“Today is a day that the history books will look back on as a good day for New York City,” Council Speaker Corey Johnson said. “This is a step forward, this is progress, this is the right thing to do.”

The jail, which is on an island in the East River, has become a symbol of the ills of pretrial detention, most famously in the case of Kalief Browder. Browder took his own life after spending three years incarcerated at Rikers Island without being convicted of a crime.

The jail is also notorious for its violence and poor conditions. The US attorney’s office for the Southern District of New York reached a settlement with the city in 2015 after a multi-year investigation found adolescent inmates were not protected from “the rampant use of unnecessary and excessive force by New York City Department of Correction staff and violence inflicted by other inmates.”

The balcony in the city council chamber was cleared prior to the vote after protestors chanted, “No new jails.”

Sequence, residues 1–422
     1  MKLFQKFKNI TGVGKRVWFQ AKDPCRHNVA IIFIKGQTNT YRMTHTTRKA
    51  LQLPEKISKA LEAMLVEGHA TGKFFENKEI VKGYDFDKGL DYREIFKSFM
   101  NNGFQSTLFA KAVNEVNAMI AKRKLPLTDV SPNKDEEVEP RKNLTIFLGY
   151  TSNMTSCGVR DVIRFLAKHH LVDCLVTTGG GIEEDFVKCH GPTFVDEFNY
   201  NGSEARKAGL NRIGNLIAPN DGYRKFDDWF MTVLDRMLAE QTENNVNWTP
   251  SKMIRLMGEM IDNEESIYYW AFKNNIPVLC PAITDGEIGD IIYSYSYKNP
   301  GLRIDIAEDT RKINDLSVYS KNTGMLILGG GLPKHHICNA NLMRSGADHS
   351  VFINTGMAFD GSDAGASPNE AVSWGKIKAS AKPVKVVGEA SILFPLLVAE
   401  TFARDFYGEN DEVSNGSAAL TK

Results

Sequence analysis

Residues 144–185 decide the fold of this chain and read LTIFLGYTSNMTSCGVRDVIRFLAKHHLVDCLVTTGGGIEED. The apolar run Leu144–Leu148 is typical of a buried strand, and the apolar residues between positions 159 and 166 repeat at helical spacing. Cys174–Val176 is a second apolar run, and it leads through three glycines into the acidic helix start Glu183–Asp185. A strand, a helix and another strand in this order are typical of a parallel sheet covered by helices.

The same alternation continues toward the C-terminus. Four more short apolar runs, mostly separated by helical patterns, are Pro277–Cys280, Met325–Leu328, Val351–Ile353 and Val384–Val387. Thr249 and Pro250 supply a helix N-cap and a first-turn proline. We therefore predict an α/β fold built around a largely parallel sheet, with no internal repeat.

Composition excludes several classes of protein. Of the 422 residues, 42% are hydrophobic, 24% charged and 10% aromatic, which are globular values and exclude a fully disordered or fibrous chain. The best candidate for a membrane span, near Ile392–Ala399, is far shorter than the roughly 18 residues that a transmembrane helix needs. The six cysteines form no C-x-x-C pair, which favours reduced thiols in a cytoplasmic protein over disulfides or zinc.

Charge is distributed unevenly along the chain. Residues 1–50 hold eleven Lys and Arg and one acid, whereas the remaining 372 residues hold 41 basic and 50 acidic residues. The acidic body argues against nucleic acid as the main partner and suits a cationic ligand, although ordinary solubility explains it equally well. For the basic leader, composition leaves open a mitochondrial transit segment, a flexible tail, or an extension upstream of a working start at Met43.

The majority leader claimed that something had been thrown from the balcony, noting “throwing things from the balcony compromises the safety of every member of this body.”

A protestor responded “your safety is not in jeopardy, the safety of young black and brown people is in jeopardy.”

“The era of mass incarceration is over. It’s over,” Mayor Bill de Blasio said in a press conference after the vote.

“This is about valuing our people, no longer condemning people and sending them on a pathway that only made their lives worse and worse.”

According to de Blasio, New York’s jail population has declined by nearly half in the last six years. The jail population has declined from 11,000 in 2014 to about 7,000 today, and is projected to be approximately 3,300 by 2026, de Blasio added in a press release.



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